Your routine in writing? Any idiosyncrasies?

I’m afraid my routine in writing is “fits and starts.” Although I work full time, I do daydream a lot about characters and storylines. I enjoy the process of research immensely and even enjoy rewriting once I have something to edit, but the actual business of writing takes place in a rather haphazard fashion. At one time I did force myself to write 2 to 4 pages a night, but I neither liked the process nor the results. I hope to be a little more dedicated once I retire.

Tell us why we should read your book?

It is simply a well-written novel, with a satisfying story, set in a little known part of the United States, and populated by interesting and compelling characters. The Sandhills of Nebraska is the largest grass-stabilized sand dune region in the Western Hemisphere and sits atop the largest aquifer in North America (the Ogallala estimated at 174,000 sq. mi.–450,000 sq. km.). Its culture is as unique as its geography.

Are you working on your next novel? If so, can you tell us a little bit about it?

I am working on another novel, plus a couple of other books.

My sister wants to know about one of the minor characters in the “The Ornery Gene,” Peggy Williamson, who did not make the final cut of the novel. Buck knew her from the time he worked construction in Gordon, Nebraska and roomed with her boyfriend, John Lambert. She had left Gordon under suspicion of having had a part in the death of a classmate and ended up working in a bar and grill in Tryon, a small town north of where Buck was working at Sarah Watkins ranch. When Lambert turns up dead in Tryon, Buck gets reluctantly involved in finding out why Lambert was killed and why Peggy has vanished. The background to the story is, of course, the Sandhills, but more specifically the county fair, show cattle, 4-H, trucking, and whatever else I might be able to weave into it. I do not know when it will be done or if it will be picked up to be published.

Fun Questions:
Your novel will be a movie. Who would you cast?

Buck Elison: Jeremy Lee Renner
Sarah Watkins: Ellen Tyne Daly
Travis Martin: Kodi Smit-McPhee
Diane : Chloe Bennet
Goff Hansen: Robert Duvall
Harvey : Joshua James Brolin
Tom Anderson: Kurt Russell
Eleanor Anderson: Annette Carol Bening

Favorite leisure activities/hobbies?

During the summer I garden and during the winter I work on indoor projects, but reading is my primary leisure activity.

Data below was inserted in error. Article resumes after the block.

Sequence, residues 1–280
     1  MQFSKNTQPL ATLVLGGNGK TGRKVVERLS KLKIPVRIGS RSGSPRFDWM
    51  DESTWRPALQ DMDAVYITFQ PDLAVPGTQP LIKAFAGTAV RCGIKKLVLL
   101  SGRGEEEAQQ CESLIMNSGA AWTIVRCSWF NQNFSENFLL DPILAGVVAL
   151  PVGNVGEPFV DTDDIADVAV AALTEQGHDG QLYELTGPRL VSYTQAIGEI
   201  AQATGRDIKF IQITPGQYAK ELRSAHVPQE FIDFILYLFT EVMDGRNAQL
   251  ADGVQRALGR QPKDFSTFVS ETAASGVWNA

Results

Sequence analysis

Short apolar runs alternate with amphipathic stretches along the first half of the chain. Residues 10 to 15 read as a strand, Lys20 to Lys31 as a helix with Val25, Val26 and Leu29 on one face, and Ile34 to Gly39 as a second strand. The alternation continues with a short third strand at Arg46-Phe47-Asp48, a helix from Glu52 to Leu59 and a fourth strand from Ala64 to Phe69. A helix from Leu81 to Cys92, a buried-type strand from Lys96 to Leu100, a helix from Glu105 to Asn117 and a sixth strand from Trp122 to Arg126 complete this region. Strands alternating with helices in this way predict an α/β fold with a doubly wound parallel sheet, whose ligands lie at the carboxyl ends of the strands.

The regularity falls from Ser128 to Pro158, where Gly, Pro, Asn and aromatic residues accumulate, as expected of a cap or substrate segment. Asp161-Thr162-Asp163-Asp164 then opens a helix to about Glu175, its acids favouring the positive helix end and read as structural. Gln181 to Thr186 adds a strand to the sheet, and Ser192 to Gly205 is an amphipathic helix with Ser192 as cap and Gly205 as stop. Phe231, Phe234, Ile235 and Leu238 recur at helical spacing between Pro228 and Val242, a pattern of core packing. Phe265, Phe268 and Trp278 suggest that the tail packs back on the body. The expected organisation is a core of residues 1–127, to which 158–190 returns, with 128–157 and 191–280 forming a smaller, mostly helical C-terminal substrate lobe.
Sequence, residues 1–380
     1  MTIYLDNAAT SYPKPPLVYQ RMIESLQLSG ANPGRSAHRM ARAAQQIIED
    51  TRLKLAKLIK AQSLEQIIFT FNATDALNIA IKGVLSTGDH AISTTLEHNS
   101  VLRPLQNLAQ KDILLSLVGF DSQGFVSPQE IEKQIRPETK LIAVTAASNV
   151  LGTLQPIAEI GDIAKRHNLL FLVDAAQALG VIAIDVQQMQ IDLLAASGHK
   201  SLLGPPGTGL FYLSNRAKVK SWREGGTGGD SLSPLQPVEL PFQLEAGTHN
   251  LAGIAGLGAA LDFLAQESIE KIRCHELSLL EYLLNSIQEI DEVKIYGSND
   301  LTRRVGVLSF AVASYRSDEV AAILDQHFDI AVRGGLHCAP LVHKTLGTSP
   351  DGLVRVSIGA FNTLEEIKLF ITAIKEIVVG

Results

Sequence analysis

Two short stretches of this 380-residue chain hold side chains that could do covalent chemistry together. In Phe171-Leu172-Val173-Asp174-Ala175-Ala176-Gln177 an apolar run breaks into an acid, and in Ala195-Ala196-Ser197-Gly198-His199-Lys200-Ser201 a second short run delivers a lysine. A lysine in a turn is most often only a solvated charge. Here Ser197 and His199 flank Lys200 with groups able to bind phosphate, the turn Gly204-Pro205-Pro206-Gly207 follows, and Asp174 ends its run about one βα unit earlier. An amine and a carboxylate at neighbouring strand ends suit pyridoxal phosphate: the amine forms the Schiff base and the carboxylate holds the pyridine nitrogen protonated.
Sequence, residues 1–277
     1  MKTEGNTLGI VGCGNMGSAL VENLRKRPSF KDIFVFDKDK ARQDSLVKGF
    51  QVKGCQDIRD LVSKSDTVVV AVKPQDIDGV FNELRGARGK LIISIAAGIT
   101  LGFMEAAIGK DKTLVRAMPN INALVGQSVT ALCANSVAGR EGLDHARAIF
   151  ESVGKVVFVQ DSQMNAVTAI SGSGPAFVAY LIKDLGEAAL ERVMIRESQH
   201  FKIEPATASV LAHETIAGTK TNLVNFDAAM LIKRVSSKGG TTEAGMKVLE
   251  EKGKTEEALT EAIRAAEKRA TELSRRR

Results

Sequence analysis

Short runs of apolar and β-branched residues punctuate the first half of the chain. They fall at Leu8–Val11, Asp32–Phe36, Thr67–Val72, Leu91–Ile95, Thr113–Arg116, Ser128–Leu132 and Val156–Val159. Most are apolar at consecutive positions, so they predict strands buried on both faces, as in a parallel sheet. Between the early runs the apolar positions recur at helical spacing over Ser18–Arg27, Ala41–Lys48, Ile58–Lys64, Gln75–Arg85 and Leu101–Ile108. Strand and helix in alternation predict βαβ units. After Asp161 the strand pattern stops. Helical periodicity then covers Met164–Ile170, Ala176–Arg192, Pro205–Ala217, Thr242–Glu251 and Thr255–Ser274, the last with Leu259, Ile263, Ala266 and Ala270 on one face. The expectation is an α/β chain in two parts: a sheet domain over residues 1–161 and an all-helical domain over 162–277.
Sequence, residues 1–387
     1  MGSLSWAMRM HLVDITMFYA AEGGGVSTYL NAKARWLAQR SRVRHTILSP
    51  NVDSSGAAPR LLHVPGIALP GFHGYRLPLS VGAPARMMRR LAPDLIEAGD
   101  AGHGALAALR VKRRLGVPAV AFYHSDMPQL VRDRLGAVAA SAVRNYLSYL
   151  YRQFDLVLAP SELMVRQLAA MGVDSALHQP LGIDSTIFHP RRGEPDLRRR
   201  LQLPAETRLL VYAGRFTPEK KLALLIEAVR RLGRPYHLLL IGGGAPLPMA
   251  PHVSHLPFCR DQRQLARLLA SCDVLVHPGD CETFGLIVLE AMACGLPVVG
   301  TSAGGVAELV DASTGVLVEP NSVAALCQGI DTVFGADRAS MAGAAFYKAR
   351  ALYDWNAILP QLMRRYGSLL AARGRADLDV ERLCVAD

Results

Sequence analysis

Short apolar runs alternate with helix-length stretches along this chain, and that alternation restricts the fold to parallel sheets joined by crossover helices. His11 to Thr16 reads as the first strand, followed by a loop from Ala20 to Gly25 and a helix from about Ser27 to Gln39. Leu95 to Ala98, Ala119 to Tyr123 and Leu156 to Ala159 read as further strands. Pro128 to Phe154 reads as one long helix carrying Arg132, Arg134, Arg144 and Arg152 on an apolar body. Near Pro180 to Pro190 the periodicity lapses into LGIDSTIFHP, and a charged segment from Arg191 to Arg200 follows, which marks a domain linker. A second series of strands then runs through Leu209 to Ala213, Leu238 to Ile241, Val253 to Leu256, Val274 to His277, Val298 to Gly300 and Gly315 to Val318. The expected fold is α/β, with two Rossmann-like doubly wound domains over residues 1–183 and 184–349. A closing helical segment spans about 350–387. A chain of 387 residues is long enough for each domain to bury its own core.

Favorite foods?

Philly cheese steak sandwiches, but only when I’m in Philly. Sweet corn, shrimp, ice cream sandwiches and, believe or not, spam. Spam was a treat when I was a kid.

Catch Up With Warren Embree On:
warrenembree.com, Goodreads, & Facebook!

 

Read an excerpt:

CHAPTER ONE

Wednesday, 9:15 p.m.

Sam Danielson slowed his pickup to a stop beside an old cattle chute, switched off the engine, rolled the window all the way down, and listened. He absentmindedly counted the cricket chirps for ten seconds, added forty to the number of chirps and calculated it to be about sixty-five degrees or so outside. A trick his dad had taught him. It was a little chilly for July in this part of the hills, but he had heard the low rumbling of thunder on the drive out. It smelled like rain; there was a storm moving from the northeast that was cooling things down. There could even be some ice in it. He checked his watch: nine-fifteen. Just past twilight. He opened the pickup door and took a deep breath. He reached over, grabbed the flashlight from the glove box, and slid out of the driver’s seat onto the soft sand.

Off in the distance, he heard a mama cow lowing. This was the life he had chosen, and he had never looked back. It hadn’t been easy working for, and then with, his dad. They had gone back and forth on the best way to select the bulls and broncos they supplied for “rough stock” events at the rodeos in the Sandhills of western Nebraska. There was only one way for Dad. “You don’t have the feel for how much the bull don’t want rode,” his dad would say. But Sam had gone to school and studied twentieth-century methods of livestock rearing. For his dad it was a way of life; for Sam it was a business. Sam liked the numbers. He liked to narrow the odds by more than just a feeling. He had tried to show his dad the value in breeding techniques and genetic tracking in estimating the probability that a particular bull would do well in the arena. His dad would just laugh it off. “Show me the ornery gene,” his dad would laugh. “I’ll have five bulls picked before you decide on one.” But Sam knew his would be a better one than the five. He could prove the temperament of a bull before anyone tried to ride it. He had never convinced his dad. The ornery gene had been elusive, but not the genetic makeup of the ornery bulls. He had been right, and he had a genetically identifiable line of stock to prove it.

During his travels from his ranch outside of Laramie, Wyoming, Sam had been made aware of a genetic curiosity in one of the cattle he purchased in Colorado in the spring. Being off in the records would end up being off in the genetic makeup of the calves. There never was just one gene that made the difference. It was a matter of multiple generations. He had traced the lines that looked the most promising, and closely followed the leaders in the industry. Discovering that curiosity had led him into this part of the Sandhills of Nebraska. Talking about it at the bar had got him into an argument with the old cowboy, and listening to the old man had brought him to this particular spot.

“You’ll find what you’re looking for out there,” the old cowboy had said. “Then you’ll know I was telling you the truth.” Danielson switched the flashlight on and scanned the area around the cattle chute. He had let himself be convinced that the old man knew a thing or two about cattle breeding. What had surprised Danielson most was that the old man had known about the science behind modern breeding at all. The old cowboy looked more like he’d been “rode hard and put up wet” as his dad would have said: a man who had spent a hard life out in the sun and the rain and the snow. Danielson expected someone like that to know less about biogenetics and more about old school solutions. Like his dad.